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Offline alimbo62587@gmail.com

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Transitioning Careers
« on: Apr 28, 2020, 12:30 »
Hello,

Can anyone provide some tips or helpful hints on what possible jobs I may be qualified for as a career transition. I've always had a fascination with the Nuclear Industry and now that my current position as an Airline Pilot is likely coming to an end I'd like to pursue a new career in the Nuclear field. I'd love to one day work in the control room of a plant, but I'm not quite sure what types of school or per-requisite experience is required. I have a Bachelors of Science degree in Aviation and quite a few FAA ratings on various jets, I understand that there's really no correlation to the energy field but I'd like to think I'm intelligent enough to at least hold some form of entry level position at a power plant. Any help to steer this lost bird would be greatly appreciated!

Thanks,
Anthony

Offline MMM

Re: Transitioning Careers
« Reply #1 on: Apr 28, 2020, 06:14 »
One of the big things to remember about nuclear power is that the plants are only in a handful of locations around the US, most of them are rural areas (although major cities are typically an hour or two away), and on the east coast. Also, the entry level positions often don't pay for relocation, so you'd be on your own to get from where ever you live now to the area you want to work.

For education/experience, most plants want some combination of power plant operating experience and an engineering related degree (although any STEM degree might work) to get into operations. Neither are necessarily required, but that's what your competition will likely have. There are positions outside of operations that might be easier to get into, and once you get your foot in the door at a plant, it's a lot easier to get into operations.

Offline Rennhack

Re: Transitioning Careers
« Reply #2 on: Apr 28, 2020, 06:44 »
Or you could join the Navy as a nuke.  Commercial power plants LOVE Navy Nukes.

Offline scotoma

Re: Transitioning Careers
« Reply #3 on: Apr 28, 2020, 07:59 »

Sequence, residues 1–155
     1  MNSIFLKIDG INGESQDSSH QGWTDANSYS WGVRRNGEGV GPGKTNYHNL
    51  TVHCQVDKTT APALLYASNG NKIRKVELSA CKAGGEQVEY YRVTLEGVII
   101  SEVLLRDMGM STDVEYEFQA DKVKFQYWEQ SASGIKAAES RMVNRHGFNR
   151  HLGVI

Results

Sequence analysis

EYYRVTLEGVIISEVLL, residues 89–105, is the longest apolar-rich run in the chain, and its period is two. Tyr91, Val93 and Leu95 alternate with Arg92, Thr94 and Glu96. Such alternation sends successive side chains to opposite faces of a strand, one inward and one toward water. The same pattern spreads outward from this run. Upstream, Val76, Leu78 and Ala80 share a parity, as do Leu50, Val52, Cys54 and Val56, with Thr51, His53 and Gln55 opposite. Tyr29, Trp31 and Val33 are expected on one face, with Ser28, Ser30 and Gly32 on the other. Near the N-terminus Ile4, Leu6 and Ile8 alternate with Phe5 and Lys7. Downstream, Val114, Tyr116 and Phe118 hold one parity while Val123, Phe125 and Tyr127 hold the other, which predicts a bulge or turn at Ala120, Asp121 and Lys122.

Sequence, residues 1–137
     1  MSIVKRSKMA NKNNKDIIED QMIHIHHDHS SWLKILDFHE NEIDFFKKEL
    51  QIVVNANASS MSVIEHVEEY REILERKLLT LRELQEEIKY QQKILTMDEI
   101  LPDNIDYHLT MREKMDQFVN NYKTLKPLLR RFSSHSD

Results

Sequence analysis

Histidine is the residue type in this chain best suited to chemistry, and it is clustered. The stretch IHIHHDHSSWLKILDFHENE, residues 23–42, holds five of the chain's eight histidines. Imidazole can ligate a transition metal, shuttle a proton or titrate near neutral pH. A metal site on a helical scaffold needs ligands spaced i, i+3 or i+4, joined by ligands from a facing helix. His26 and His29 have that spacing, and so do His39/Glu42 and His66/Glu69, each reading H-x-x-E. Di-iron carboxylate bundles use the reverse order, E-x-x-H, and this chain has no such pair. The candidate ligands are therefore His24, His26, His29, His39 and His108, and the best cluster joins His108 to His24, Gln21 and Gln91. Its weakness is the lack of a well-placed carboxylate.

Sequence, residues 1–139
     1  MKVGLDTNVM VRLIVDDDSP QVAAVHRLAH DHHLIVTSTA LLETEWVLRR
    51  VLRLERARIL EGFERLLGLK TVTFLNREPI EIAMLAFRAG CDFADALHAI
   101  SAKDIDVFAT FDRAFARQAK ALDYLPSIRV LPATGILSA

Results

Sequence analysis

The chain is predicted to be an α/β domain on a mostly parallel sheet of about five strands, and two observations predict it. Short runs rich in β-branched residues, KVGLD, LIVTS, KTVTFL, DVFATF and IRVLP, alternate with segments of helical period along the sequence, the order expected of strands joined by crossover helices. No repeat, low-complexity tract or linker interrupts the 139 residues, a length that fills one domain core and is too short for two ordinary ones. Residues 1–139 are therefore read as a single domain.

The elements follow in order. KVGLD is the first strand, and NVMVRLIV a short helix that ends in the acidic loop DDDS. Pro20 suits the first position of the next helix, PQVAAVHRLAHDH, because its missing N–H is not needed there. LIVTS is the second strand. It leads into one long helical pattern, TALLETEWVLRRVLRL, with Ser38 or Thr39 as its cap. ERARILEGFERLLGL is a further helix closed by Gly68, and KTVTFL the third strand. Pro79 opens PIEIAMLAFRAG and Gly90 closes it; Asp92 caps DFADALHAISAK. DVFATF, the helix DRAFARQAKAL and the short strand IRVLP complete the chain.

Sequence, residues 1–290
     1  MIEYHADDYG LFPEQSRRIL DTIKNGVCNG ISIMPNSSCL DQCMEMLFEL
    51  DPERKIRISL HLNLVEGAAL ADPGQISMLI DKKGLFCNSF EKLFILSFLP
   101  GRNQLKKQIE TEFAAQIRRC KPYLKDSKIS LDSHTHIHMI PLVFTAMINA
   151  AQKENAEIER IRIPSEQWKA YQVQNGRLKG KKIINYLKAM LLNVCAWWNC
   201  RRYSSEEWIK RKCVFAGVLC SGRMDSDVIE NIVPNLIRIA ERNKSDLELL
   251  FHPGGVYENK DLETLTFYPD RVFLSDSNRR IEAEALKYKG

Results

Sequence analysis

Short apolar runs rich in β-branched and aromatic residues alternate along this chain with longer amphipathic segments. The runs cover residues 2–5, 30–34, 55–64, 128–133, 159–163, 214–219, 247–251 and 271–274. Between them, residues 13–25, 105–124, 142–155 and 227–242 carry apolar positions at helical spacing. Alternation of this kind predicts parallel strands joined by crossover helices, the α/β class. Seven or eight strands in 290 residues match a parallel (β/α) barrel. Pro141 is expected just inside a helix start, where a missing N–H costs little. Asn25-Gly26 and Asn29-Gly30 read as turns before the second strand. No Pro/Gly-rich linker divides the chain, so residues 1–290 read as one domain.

Pick an area where you want to live, go to the utilities website, and select the careers link. If you have no geographical preference, you can select any utility and find out who is hiring. Call the phone number and get more info if necessary. There is a screening test which is more based more on your ability to think and reason. If you are a commercial pilot, you should be able to pass the test. If you pass the test and interview, it is usually a slow process until they hire. there is a lengthly review process, and then they need to get enough hirees to form a training class. They will teach you everything you need to know in training, then a few years as an AO/NPO. Then licensed operator class. I hope you like shift work.

Offline Marlin

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Re: Transitioning Careers
« Reply #4 on: Apr 28, 2020, 12:04 »
Hello,

Can anyone provide some tips or helpful hints on what possible jobs I may be qualified for as a career transition. I've always had a fascination with the Nuclear Industry and now that my current position as an Airline Pilot is likely coming to an end I'd like to pursue a new career in the Nuclear field. I'd love to one day work in the control room of a plant, but I'm not quite sure what types of school or per-requisite experience is required. I have a Bachelors of Science degree in Aviation and quite a few FAA ratings on various jets, I understand that there's really no correlation to the energy field but I'd like to think I'm intelligent enough to at least hold some form of entry level position at a power plant. Any help to steer this lost bird would be greatly appreciated!

Thanks,
Anthony


Or you could join the Navy as a nuke.  Commercial power plants LOVE Navy Nukes.


   The captain of an air craft carrier must have completed the Navy Nuclear propulsion program. While at Nuclear Prototype Training Unit i saw several pilots in the carrier career pipeline there. Normally somewhere in the middle of their career around the O-4 or 5 mark with an eye on command. So if the military is in consideration there is a clear connection between aviation and nuclear.

 


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